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one converted 44.1/16 to 44.1/12?
This naturally depends on the quality of the treble production from the system this stuff is being fed.
If top notch, the treble crap should drive one out of the room.
If an old boom box.. it may still sound just fine. LOL
That depends on whether it was a dithered (noise added) conversion or a truncation (simple chopping off) of the 4 LSBs. You may not readily notice any difference should you not be told to listen for one. Dithering to 12-bits will deliver about the same SNR (72dB) as a fairly good vinyl LP. Dithering adds random noise, while truncation increases measured distortion.
That said, have long ago listened to files where what you propose was done, with the various audio tracks made available for download from some website which I no longer recall. The resolution reduction included versions taken all the way down to 4-bits per sample, as I recall. My subjective assessment was not what I had expected. I preferred the sound of the truncated tracks until the resoution was reduced close to minimum. My ears perceived dither noise as a annoying distraction from the intended audio content. The truncated track of the same low resolution had obviouse anomalies (audible distortion), yet I found those anomalies to distract less from the intended audio content. As the bit-resolution was made minimum, dither did improve the intelligibility of the audio, particularly with human speech, over the truncated version.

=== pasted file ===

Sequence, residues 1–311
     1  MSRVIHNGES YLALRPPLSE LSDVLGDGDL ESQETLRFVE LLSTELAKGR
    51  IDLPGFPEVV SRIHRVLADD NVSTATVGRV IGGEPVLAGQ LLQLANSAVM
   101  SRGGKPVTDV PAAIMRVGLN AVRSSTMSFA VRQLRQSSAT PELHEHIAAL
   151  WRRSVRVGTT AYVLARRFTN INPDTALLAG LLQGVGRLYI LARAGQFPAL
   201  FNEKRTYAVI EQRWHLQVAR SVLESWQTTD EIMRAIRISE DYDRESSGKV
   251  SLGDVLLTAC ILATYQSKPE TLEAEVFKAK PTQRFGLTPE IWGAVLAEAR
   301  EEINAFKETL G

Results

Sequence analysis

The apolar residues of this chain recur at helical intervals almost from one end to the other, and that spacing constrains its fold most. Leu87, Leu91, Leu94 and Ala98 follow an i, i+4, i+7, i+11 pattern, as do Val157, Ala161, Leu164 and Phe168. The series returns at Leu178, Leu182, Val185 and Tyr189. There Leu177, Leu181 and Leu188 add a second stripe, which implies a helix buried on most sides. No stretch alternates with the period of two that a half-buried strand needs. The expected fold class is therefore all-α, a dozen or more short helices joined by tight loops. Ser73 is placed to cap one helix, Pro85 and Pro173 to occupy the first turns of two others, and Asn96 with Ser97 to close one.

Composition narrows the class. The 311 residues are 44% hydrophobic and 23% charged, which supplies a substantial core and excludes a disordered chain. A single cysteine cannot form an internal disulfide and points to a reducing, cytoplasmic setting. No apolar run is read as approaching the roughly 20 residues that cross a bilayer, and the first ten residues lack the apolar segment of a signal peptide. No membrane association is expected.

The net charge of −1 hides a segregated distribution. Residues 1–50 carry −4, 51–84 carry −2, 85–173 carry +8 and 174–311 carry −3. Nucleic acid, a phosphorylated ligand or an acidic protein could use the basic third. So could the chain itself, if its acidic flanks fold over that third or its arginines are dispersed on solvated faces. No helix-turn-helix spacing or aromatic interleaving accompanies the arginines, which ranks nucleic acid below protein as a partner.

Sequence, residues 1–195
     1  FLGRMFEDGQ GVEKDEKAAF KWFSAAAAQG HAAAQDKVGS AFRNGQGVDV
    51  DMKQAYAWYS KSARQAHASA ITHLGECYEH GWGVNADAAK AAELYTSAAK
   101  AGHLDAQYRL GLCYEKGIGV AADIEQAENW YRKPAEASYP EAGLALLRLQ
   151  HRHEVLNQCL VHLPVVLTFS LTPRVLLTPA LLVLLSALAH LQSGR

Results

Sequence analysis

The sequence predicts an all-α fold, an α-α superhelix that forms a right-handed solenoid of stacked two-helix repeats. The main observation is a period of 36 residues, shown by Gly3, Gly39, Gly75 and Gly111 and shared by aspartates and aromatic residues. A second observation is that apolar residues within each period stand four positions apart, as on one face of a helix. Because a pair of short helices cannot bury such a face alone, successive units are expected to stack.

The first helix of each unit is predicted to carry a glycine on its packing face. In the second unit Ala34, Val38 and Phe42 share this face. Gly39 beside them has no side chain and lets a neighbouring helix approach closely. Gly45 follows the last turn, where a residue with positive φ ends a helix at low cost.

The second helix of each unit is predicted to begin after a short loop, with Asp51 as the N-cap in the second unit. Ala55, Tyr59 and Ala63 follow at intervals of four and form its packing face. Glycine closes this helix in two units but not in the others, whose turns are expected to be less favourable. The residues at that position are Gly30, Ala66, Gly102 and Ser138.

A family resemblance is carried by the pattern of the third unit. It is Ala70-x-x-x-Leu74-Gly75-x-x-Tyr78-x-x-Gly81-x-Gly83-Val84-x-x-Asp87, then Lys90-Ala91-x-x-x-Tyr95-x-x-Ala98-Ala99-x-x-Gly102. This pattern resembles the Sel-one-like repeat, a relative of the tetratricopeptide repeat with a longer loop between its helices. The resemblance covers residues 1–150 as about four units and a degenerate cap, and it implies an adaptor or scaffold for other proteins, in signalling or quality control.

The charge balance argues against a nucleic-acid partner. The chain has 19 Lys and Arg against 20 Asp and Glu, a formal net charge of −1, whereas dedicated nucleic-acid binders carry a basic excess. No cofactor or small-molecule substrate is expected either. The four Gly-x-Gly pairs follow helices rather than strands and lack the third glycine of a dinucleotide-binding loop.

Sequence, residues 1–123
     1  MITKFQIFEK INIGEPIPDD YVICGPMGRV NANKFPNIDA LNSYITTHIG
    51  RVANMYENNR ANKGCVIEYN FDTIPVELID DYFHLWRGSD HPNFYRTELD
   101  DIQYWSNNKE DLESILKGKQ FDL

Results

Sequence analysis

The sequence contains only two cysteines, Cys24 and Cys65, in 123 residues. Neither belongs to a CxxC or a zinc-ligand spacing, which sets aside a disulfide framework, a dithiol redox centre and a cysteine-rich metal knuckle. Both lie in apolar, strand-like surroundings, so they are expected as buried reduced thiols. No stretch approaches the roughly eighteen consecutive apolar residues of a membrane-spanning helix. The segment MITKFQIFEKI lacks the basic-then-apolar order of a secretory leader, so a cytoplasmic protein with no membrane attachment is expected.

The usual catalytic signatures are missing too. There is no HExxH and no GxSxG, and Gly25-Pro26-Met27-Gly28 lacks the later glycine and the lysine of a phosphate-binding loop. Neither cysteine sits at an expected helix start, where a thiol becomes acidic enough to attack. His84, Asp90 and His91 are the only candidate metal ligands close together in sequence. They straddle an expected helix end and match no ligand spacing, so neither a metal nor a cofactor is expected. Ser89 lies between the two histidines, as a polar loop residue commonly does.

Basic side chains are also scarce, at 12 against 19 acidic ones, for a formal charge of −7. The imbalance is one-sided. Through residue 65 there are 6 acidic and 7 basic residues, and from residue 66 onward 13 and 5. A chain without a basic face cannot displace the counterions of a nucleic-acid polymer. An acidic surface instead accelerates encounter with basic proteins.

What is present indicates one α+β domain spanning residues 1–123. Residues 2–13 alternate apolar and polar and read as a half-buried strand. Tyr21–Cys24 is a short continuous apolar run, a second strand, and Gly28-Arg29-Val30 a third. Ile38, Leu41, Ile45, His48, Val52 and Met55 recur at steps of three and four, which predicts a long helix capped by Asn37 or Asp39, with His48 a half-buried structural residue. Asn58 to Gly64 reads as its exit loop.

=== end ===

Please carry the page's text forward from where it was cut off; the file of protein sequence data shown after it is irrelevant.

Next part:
I know a person who is designing/building an r2r (NOS) ladder dac, and he's trying to figure out why it sounds better to him and his friends at 12bits than at 16.
But I am no expert at anything digital and he is.
There could be a number of reasons for that. The first place to look is at how your friend's self-designed handmade r-2r converter measures at 12-bits, versus 16-bits. Designing and building high-resolution, consistently high-performance converters is not a trivial task. For just one example, the converter may be non-monotonic below 12-bits, making possible that it produce more distortion at 16-bits than it does at 12-bits. The bit-resolution does not determine the distortion. 1-bit converters, such as are used for DSD, inherently exhibit excellent distortion performance.
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